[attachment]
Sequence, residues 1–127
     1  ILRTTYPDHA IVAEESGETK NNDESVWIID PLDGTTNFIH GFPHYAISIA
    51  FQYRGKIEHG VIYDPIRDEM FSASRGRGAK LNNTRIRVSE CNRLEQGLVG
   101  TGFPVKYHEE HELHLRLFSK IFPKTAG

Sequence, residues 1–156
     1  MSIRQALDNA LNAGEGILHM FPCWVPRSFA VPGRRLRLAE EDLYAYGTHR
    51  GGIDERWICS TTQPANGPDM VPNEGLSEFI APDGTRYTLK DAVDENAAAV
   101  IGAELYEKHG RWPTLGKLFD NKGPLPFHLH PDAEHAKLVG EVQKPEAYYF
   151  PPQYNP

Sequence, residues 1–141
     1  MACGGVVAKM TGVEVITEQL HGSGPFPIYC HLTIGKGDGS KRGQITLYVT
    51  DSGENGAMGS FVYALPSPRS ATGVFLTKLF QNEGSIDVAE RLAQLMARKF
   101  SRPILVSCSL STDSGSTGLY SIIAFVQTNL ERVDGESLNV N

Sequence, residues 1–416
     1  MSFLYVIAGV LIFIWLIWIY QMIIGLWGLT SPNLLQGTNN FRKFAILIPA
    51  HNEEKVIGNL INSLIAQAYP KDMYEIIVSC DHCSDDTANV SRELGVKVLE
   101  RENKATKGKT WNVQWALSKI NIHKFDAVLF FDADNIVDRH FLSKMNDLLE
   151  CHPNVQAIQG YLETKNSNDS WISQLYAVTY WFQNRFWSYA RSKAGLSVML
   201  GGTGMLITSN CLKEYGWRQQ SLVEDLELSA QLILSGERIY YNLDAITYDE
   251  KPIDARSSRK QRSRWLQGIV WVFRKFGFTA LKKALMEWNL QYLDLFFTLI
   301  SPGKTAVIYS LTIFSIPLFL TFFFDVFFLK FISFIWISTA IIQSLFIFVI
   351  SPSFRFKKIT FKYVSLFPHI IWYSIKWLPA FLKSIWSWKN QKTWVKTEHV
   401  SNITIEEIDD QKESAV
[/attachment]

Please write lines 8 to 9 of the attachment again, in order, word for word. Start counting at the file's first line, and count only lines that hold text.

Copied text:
   101  IGAELYEKHG RWPTLGKLFD NKGPLPFHLH PDAEHAKLVG EVQKPEAYYF
   151  PPQYNP